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Bamboo is one of the oldest construction materials in the world and has been a staple material for countless applications since ancient times in the regions in which the plant is abundant. These regions include South America, Africa, and Southeast Asia where the plant grows at sea-level (and is also found at altitudes up to 3,800 feet).
This sustainable and fast-growing natural material is poised to be accepted as a building material in the developed world. The demand for timber is increasing at a rapid rate, but quality lumber has been over-harvested. With this, bamboo could suitably replace timber and other materials in the construction industry. It has also been discovered that industrially-treated bamboo has great potential for the production of composite materials and components which could find their way into structural and non-structural applications in construction.
There are several features that make bamboo a potential building material, including high tensile strength and very good weight-to-strength ratio. The latter marks bamboo as a highly-resilient material against forces created by earthquakes and high-velocity winds.
According to the Architectural Digest, bamboo has the potential to be the construction material of the future. One of the architectural firms that are working on bamboo is Penda, which has been developing and improving its designs for a modular bamboo structure over the course of several years. The firm has plans for a new project called “One with Birds”, which features a unique hotel with bamboo towers and tepee-like tents made from bamboo poles fastened with ropes.
Penda envisions building an entire city built with the company’s bamboo modules. The firm plans to use a sustainable scheme for planting bamboos and building structures. Its goal is to build a city of 200,000 inhabitants by 2023.
In Indonesia, there is Elora Hardy who is credited for reimagining sustainable building by using bamboo. Hardy and her team of craftsmen in Bali are tapping the underestimated potential of the bamboo, which they believe should be used to house more people around the world, especially in the tropics. Elora founded Ibuku, a pioneering company in bamboo design and construction.
In contrast to tree harvesting which takes decades, the replenishment rate of bamboo has simply no comparison (except for hemp, which creates abundant usable fiber but not a construction-ready pole. Bamboo for construction purposes can be harvested for every three to six years. Softwoods and hardwoods need 25 and 50 years (or more) to harvest, respectively. Bamboo should be harvested at the right time to maximize strength and minimize damage caused by pests.
Bamboo offers a wide array of sustainable building solutions. Its internal applications include flooring, support columns, and interior walls while its external uses include corner posts, structural frames, girders, joists, braces, tie beams, rafters, roofing, sheathing, and king posts.
This construction material needs to be handled correctly to avoid several issues. A special immunization and drying process is imperative to protect the bamboo from insect attack. The wood is also flammable, so it may need to be treated with a fire-resistant substance. Special techniques for joints and terminals should be studied by builders to achieve quality bamboo construction.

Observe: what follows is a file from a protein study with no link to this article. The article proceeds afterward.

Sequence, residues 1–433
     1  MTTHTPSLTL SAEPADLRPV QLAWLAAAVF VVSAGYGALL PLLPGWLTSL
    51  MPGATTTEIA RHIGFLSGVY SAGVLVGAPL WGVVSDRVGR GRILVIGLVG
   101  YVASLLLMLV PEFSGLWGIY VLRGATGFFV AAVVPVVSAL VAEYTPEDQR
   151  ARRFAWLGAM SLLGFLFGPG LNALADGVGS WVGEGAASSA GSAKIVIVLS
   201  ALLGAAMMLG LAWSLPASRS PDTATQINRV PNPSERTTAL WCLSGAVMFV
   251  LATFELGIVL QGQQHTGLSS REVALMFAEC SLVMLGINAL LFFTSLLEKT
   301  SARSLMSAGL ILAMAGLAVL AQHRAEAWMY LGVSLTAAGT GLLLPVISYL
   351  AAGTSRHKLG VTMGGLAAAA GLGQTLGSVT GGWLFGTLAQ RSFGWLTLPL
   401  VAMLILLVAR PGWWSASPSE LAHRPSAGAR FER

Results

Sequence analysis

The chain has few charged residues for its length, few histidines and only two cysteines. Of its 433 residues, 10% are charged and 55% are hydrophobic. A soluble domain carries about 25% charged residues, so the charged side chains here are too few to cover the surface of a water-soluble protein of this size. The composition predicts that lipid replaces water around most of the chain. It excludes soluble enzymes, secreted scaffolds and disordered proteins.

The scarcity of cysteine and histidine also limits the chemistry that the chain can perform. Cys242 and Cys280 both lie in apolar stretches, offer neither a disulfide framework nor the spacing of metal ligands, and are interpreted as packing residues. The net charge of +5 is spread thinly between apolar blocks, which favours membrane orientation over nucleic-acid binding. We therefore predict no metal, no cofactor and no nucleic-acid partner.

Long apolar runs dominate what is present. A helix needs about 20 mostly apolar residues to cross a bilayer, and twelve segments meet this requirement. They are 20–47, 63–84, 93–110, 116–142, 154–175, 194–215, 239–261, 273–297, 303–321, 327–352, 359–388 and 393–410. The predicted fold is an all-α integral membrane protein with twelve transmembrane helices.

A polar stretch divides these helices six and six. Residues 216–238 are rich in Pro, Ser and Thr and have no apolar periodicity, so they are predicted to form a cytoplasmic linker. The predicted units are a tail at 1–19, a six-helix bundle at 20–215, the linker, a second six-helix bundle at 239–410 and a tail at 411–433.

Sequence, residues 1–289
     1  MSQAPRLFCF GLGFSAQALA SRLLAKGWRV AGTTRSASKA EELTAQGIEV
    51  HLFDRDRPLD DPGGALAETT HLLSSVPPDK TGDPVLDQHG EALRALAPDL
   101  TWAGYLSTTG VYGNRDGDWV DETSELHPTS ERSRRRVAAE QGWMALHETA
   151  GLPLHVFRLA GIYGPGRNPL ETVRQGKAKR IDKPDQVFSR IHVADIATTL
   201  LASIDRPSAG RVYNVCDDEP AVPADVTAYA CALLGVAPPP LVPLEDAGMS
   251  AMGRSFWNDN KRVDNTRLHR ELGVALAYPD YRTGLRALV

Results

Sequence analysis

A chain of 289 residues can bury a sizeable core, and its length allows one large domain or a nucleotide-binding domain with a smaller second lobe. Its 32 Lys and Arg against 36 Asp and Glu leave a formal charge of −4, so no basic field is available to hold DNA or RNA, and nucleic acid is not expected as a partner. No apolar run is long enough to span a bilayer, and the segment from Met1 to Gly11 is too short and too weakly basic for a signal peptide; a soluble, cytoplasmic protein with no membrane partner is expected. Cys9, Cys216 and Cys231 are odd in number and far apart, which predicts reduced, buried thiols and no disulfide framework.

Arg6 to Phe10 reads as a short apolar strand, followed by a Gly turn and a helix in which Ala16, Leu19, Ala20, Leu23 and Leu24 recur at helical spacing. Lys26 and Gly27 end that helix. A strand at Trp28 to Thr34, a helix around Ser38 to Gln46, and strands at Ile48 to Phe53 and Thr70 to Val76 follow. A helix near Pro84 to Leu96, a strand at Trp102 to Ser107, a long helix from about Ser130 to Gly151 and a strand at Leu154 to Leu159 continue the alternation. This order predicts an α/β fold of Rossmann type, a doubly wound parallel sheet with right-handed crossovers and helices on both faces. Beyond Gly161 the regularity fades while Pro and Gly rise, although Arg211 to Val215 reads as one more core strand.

The developed world is starting to overcome its view that bamboo is a poor man’s construction material. Our increasing focus on sustainable building presents a huge opportunity for bamboo to be part of it. One can only wonder what other uses bamboo will find once the hearty grass has received wider acceptance in the developed world.
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I Can't Help Showing This Off:
If you haven't heard of Claude Davis yet do yourself a huge favor and watch this video.
One of the smartest guys I ever had the pleasure of meeting, Claude set-up a unique prepping system that changed his life forever.
I already tried it myself and let me tell... you I was completely blown away... His surprising tactics could make your life easier and give you the peace of mind you deserve.
Don't just take my word for it... watch his short video and decide for yourself.
Most People Don't Have The Guts To Try This:
An amazing discovery in an abandoned house in Austin, Texas: A lost book of amazing survival knowledge, believed to have been long vanished to history, has been found in a dusty drawer in the house which belonged to a guy named Claude Davis.
Remember... back in those days, there was no electricity... no refrigerators... no law enforcement... and certainly no grocery store or supermarkets... Some of these exceptional skills are hundreds of years of old and they were learned the hard way by the early pioneers.
We've lost to history so much survival knowledge that we've become clueless compared to what our great grandfathers did or built on a daily basis to sustain their families.
Neighbors said that for the last couple of years Claude has tried to unearth and learn the forgotten ways of our great-grandparents and claimed to have found a secret of gargantuan proportions. A secret that he is about to reveal together with 3 old teachings that will change everything you think you know about preparedness:
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What REALLY Happens When You Bury a Shipping Container? (Hint: It's A Bit Crazy...)
Shipping containers are all the rage - but if you are thinking about buying one, you MUST watch this video first:
There's a general belief that if you bury a shipping container you can create an awesome root cellar / storm shelter / survival bunker.
But is a shipping container strong enough to handle the pressure?
Watch the video to see what happens: